With Congress back in session and U.S. mid-term elections 50 days away, drug pricing remains front and center on Capitol Hill as well as on the campaign trail. It’s been nearly four months since the Trump administration released its American Patients First blueprint aimed at driving down prescription drug costs and increasing transparency within the marketplace. And while the White House has cited progress on the blueprint, we saw another price increase take center stage last week. The 400 percent increase on an antibiotic drew sharp rebukes from the FDA as well as political leaders, patient voices and prominent physicians.

Consensus on realistic solutions to address pricing continues to be deeply divided. Policymakers remain split on how to advance the issue, along party lines as well as at state versus federal level. And with that same lack of common ground on the path forward across payers, PBMs, hospitals and pharmaceutical companies, how to advance the agenda on pricing, medical advances and patient care remains as complicated as ever. Here are three key areas to watch in the coming weeks:

1. Transforming transparency: Drug rebates take center stage

The U.S. Department of Health and Human Services (HHS) recently celebrated an “unprecedented” number of actions taken from the president’s blueprint for drug pricing reform within the first 100 days, including generic drug approvals, 15 drug companies that postponed or canceled increases or cut list prices, and expedited review for products with market competition.

Aligned with those actions, HHS is now taking on drug rebates. While the text of a new proposed rule, Regulation to Require Drug Pricing Transparency, isn’t publicly available yet, it reportedly will diminish protection of rebates between pharmacy benefit managers (PBMs), pharmaceutical companies and insurers. This move has the potential to increase the urgency for other tools that drive down drug costs, but some critics question whether HHS has the authority to eliminate rebates without approval from Congress.

2.  Sticker shock: DTC ads and the push for prices

Also making headlines is movement on efforts to require drug companies to report prices front and center in direct-to-consumer (DTC) ads. One sticking point of this idea, floated in the White House blueprint, was how to enforce it. The Senate recently passed a measure that would address this, providing HHS with $1 million in funding to take on DTC disclosure requirements. Championed by Sens. Dick Durbin (D-Ill.) and Chuck Grassley (R-Iowa), this shift would have major implications for a variety of groups: patients, who currently pay a range of prices depending on their insurance coverage’s ability to negotiate prices; insurers, which would have to identify new approaches to be competitive in covering expensive drugs; and drug companies, which would face new challenges in industry competition. However, movement has stalled on the measure.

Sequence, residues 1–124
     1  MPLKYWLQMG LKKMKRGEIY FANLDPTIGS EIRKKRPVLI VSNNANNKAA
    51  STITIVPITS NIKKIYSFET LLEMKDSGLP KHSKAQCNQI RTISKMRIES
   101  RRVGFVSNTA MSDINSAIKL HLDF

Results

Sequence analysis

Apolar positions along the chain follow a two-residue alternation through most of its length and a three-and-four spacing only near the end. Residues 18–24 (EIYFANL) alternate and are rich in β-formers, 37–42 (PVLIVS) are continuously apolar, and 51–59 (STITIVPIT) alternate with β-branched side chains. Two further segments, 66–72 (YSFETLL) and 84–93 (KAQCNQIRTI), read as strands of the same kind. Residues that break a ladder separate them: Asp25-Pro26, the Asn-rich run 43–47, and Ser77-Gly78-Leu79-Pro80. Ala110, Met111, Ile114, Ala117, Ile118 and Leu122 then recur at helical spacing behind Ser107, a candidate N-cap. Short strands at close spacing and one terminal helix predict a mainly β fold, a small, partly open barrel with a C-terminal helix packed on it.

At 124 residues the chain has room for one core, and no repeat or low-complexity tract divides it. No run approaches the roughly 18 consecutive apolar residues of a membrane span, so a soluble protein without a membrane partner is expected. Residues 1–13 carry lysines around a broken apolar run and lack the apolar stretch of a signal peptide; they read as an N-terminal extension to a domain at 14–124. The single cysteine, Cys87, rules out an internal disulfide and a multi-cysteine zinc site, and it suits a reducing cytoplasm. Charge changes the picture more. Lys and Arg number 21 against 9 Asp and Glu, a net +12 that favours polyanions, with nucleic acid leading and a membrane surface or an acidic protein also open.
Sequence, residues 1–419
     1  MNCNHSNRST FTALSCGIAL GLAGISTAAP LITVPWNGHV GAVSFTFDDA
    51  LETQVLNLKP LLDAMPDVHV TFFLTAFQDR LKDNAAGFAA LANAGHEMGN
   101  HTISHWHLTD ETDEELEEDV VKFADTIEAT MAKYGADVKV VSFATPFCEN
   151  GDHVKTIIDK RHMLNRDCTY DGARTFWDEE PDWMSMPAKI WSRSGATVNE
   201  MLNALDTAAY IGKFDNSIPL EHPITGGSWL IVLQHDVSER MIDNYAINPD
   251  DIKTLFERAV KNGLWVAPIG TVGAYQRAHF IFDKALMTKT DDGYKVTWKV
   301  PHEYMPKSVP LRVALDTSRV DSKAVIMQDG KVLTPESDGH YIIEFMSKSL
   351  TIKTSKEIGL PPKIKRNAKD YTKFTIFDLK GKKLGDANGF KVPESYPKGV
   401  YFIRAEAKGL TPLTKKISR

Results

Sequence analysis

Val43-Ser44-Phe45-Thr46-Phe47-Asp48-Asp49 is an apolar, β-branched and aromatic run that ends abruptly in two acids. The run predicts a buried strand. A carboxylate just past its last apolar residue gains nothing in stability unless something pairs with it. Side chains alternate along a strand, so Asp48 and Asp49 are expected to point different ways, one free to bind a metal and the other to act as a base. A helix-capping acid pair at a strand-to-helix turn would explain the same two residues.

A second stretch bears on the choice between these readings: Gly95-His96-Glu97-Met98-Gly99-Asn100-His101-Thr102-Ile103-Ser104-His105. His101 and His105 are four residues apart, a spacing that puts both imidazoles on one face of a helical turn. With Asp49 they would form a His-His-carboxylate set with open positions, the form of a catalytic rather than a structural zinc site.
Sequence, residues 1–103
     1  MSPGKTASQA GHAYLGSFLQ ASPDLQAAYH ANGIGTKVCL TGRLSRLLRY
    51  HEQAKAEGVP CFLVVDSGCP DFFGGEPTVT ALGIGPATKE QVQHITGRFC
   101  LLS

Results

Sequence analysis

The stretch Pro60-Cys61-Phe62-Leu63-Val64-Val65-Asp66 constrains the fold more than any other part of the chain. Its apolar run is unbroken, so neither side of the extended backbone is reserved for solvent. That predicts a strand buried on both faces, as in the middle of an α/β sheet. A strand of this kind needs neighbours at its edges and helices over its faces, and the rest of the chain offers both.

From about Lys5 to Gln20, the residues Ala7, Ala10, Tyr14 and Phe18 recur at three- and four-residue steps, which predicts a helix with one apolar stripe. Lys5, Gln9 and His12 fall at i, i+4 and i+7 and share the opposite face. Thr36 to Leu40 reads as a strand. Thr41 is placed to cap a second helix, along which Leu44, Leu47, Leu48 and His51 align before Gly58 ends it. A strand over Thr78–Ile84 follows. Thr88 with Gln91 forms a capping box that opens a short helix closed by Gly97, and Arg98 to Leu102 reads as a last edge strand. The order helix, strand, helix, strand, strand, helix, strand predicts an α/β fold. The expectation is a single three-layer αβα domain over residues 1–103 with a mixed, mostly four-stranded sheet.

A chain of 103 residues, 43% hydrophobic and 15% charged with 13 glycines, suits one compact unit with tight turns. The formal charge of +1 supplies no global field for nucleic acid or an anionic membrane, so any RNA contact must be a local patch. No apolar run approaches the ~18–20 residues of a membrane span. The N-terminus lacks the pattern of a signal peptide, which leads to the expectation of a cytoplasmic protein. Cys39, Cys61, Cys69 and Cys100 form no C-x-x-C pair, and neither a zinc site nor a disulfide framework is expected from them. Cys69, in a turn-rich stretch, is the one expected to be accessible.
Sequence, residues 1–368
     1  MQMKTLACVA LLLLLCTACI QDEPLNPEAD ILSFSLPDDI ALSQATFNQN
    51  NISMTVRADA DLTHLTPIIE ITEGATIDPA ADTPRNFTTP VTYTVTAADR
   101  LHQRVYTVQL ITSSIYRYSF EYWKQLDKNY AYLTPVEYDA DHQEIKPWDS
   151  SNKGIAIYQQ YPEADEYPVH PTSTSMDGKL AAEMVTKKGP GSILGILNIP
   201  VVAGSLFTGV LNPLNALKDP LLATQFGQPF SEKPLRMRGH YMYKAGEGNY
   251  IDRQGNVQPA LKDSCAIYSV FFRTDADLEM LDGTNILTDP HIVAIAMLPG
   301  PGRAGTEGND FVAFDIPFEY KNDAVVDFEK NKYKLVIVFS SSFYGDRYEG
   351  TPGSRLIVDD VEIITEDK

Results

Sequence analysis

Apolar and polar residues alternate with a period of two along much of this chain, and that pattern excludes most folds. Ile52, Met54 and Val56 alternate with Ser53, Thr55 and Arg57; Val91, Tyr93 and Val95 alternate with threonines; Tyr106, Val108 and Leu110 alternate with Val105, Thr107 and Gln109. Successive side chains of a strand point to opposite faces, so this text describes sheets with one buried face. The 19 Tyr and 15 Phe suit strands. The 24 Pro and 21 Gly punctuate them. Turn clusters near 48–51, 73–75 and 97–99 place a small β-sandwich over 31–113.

GOP leaders last week blocked efforts to pass in the House, and the path forward is unclear. However, we can expect the push for DTC transparency to be elevated again. Continued pushback can be expected from opponents about the economic impact of this move as well as drug companies’ concerns that list prices are a poor indicator of what patients will actually pay given all the elements involved in pricing that make this a very different issue than price transparency in other industries. Constitutionality and free speech challenges can also be expected.

3. On the campaign trail: Drug pricing and the ACA on the stump

Healthcare continues to be the centerpiece of many stump speeches in the final weeks leading up to election day. In a recent Kaiser Health Tracking Poll, a majority of the public (55 percent) said President Trump’s approach to calling out drug companies to lower costs will be “not too effective” or “not at all effective” in reducing overall prescription drug prices. That frustration over pricing has been evident as candidates, political action committees (PACs) and supporters use drug pricing as wedge issues in campaigns across the country:

  • Longstanding California Democrat Anna Eshoo’s run for reelection has been challenged by the super PAC Patients For Affordable Drugs Action, which is spending $500,000 on attack ads criticizing her acceptance of campaign contributions from pharma companies and accused support of “policies that would extend drug companies’ monopolies and keep prices high.”
  • The New Jersey Senate race has its own unique dynamic, with former Celgene CEO Bob Hugin (R) challenging the incumbent Sen. Bob Menendez (D), putting an interesting spotlight on how voters feel about pharma on an more individual level across the Garden State. Both Hugin and Menendez have had a hand in drug pricing decisions, whether directly from the industry side or via decisions on the Hill.
  • Beyond pricing, The New York Times last week looked at how West Virginia Senator Joe Manchin’s (R) reelection bid has focused on preserving the pre-existing conditions protections from the Affordable Care Act (ACA) and the importance of Medicaid expansion, although without calling out the ACA directly. West Virginians’ strong support for the ACA, which runs deep across a state that heavily supported Trump in 2018, has made this race a bellwether of sorts.

Drug pricing in state and local races will continue to be at the forefront of debate races as we inch closer to Nov. 6. Calls for action will only intensify if the blue wave that’s been predicted does indeed occur, and Democrats regain control of one or both chambers. We’ll have eyes on the Senate HELP hearing on transparency and reducing health care costs this week as well. Needless to say healthcare watchers are in for a complex and interesting ride as we race toward 2019.

Courtney Haupt Gray is general manager, Healthcare, Washington, D.C.